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‘Cheat’ Meals Impact the Functioning of Our Brain

We all know that eating well is important for our health. But what about to indulge in an unhealthy meal or two on weekends?

A study conducted by researchers from the University of New South Wales (UNSW) in Australia suggested that a diet pattern of ‘clean’ eating interspersed with ‘cheat’ meals of junk food could not only result in weight gain but could also have an impact on brain function and gut health in rodents.

Rodents that were fed mostly healthy food but occasionally indulged in high-sugar and saturated-fat foods exhibited significant cognitive impairment, particularly in tests of spatial memory, and experienced negative changes in gut bacteria.

“This sort of work is considered critical to make us contemplate the maintenance of our brain’s health as we age,” explains neuroscientist Margaret Morris from UNSW.

The study builds upon previous research conducted by the team members, who found a correlation between a poor diet and impaired long-term spatial memory, offering new insights into the effects of ‘diet cycling’.

The swings in nutrition, sometimes seen as a compromise between extremes of healthy and unhealthy eating, might come with a cost.

In each of 3 different experiments, a healthy control group of 12 rats were provided with standard rat food, and they were compared to 3 experimental groups of 12 rats who were also occasionally given processed food high in fat and sugar.

The unhealthy food was administered to the experimental groups for the same total number of days, either consecutively or distributed across different length ‘cycles’.

The rats’ short-term memory was assessed by the researchers before and after the periods of diet cycling, and the microbiota in their feces was measured. Additionally, the rats’ weights were recorded before and after the experiments, and the amount of each food type consumed was tracked.

Rats that consumed a poor diet for any duration exhibited a less diverse gut microbiome, with an increase in bacteria associated with obesity and a decrease in beneficial bacteria linked to weight control. These changes worsened with prolonged exposure to an unhealthy diet.

Over time, cognitive impairment became more pronounced, particularly in the rats that had been fed an unhealthy diet for multiple days. They performed the poorest in memory tests that required recalling object placement.

“The extent of memory impairment was found to correlate with the levels of two specific bacteria,” notes Mike Kendig, a medical scientist at UNSW at the time. “This suggests a potential connection between the effects of diet cycling on cognition and the microbiota.”

Unsurprisingly, the rats that consumed a high-fat, high-sugar diet for an extended period gained more weight compared to the rats in the control group. However, the duration of the unhealthy eating cycles did not appear to directly influence weight gain.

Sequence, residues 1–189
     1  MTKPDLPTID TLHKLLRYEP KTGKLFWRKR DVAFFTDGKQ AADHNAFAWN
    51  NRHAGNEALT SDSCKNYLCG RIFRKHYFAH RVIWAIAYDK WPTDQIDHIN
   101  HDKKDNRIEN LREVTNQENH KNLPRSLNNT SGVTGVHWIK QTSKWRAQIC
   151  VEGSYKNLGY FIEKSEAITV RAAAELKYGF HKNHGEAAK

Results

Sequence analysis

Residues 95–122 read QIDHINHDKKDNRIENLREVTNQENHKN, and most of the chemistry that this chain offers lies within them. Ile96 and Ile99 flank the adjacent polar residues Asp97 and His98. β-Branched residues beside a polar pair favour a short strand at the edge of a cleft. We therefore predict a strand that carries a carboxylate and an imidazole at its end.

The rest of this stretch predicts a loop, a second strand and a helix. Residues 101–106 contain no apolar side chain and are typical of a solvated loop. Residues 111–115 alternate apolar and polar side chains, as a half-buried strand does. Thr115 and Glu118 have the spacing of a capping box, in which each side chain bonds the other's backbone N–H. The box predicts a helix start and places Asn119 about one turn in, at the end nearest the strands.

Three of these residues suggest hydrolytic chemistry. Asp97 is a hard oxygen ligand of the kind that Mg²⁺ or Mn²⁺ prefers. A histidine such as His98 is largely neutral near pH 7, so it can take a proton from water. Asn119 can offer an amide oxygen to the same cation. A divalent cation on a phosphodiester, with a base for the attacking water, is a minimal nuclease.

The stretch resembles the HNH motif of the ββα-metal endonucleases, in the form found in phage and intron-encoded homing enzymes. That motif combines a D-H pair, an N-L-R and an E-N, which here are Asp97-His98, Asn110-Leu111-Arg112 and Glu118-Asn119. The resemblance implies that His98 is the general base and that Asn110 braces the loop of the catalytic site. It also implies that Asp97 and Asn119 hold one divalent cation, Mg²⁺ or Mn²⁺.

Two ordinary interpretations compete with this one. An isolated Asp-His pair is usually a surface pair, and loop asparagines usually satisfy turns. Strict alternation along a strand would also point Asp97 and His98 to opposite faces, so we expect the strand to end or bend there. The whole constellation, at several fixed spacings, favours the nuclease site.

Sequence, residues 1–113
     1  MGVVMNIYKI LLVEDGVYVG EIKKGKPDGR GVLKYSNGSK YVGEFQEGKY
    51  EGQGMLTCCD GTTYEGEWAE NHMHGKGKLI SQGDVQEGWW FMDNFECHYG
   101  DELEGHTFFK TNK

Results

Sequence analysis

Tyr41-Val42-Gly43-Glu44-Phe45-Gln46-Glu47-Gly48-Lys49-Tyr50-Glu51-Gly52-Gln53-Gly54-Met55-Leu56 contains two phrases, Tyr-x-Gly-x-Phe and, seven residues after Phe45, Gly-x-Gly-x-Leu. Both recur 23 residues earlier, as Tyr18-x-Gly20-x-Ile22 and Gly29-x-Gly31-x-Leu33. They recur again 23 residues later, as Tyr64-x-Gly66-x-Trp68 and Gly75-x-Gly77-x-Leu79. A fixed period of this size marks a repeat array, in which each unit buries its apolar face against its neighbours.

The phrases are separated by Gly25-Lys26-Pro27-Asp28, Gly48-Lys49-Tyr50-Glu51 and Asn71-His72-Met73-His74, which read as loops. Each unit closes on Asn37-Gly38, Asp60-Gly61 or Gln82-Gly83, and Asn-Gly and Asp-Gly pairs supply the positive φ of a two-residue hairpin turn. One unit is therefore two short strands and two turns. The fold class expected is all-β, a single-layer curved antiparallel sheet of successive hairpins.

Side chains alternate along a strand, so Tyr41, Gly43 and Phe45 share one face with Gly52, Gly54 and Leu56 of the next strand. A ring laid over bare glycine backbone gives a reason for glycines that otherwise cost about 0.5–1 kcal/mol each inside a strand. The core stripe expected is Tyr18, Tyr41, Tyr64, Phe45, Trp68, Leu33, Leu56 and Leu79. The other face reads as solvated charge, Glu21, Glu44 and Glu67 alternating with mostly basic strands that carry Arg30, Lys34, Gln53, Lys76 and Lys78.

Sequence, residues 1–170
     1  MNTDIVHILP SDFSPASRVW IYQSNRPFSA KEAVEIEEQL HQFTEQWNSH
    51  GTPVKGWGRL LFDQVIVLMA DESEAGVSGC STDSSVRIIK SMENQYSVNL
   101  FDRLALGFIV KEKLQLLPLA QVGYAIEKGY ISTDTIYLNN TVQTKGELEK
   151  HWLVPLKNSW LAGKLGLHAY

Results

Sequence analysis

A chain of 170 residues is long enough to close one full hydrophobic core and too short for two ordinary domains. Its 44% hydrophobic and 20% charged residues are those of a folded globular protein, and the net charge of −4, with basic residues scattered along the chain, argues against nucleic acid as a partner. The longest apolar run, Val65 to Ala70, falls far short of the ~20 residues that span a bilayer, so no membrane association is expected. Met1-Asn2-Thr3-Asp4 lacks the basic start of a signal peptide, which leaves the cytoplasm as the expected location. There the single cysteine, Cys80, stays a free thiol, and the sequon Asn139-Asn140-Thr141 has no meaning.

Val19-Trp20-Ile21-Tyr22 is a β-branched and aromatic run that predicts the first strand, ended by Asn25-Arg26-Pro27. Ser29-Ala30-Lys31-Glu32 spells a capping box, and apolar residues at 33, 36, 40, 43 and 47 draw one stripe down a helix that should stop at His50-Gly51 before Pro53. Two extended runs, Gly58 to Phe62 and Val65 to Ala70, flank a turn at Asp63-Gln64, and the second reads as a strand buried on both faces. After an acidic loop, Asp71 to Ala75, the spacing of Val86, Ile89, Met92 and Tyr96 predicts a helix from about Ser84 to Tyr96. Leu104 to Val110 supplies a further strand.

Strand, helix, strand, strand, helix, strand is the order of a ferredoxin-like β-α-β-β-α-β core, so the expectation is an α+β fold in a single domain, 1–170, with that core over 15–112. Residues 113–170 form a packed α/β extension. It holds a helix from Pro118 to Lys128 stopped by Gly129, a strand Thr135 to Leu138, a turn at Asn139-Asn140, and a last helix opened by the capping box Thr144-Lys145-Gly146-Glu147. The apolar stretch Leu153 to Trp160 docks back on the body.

This implies that the impact on gut and memory health may not be solely attributed to the weight gain typically associated with an unhealthy diet.

“In humans, it is known that a diet that increases inflammation seems to have a lesser beneficial effect on brain function,” says Morris. “And in the past, it has been demonstrated in rats that these cognitive deficits are actually correlated with inflammation in the brain.”

These findings contribute to the growing body of evidence that establishes a connection between gut health, diet, and brain health.

“We are aware that the gut is strongly linked to our brain,” adds Morris. “Changes in the microbiome resulting from our diet might impact our brain and behavior.”

Although these findings may not be desirable, the scientists emphasize that maintaining a healthy eating pattern over an extended period seems to yield more favorable outcomes for both gut and brain health.

Other studies indicate that adopting a nutritious diet reduces the risk of diseases and may increase lifespan, so it could be worthwhile to substitute high-fat and sugary treats with healthier alternatives.

“If a healthy diet can be maintained – such as the Mediterranean-type diet with high diversity, fruits, vegetables, low saturated fats, and good proteins – we have a better chance of preserving our cognition,” concludes Morris.



The effects of diet cycling on cognition and fecal microbiota are not well understood.

Method and Results

Adult male Sprague-Dawley rats were cycled between a high-fat, high-sugar “cafeteria” diet (Caf) and regular chow. The impairment in place recognition memory produced by 16 days of Caf diet was reduced by switching to chow for 11 but not 4 days. Next, rats received 16 days of Caf diet in 2, 4, 8, or 16-day cycles, each separated by 4-day chow cycles. Place recognition memory declined from baseline in all groups and was impaired in the 16- versus 2-day group. Finally, rats received 24 days of Caf diet continuously or in 3-day cycles separated by 2- or 4-day chow cycles. Any Caf diet access impaired cognition and increased adiposity relative to controls, without altering hippocampal gene expression. Place recognition and adiposity were the strongest predictors of global microbiota composition. Overall, diets with higher Caf > chow ratios produced greater spatial memory impairments and larger shifts in gut microbiota species richness and beta diversity.


Results suggest that diet-induced cognitive deficits worsen in proportion to unhealthy diet exposure, and that shifting to a healthy chow for at least a week is required for recovery under the conditions tested here.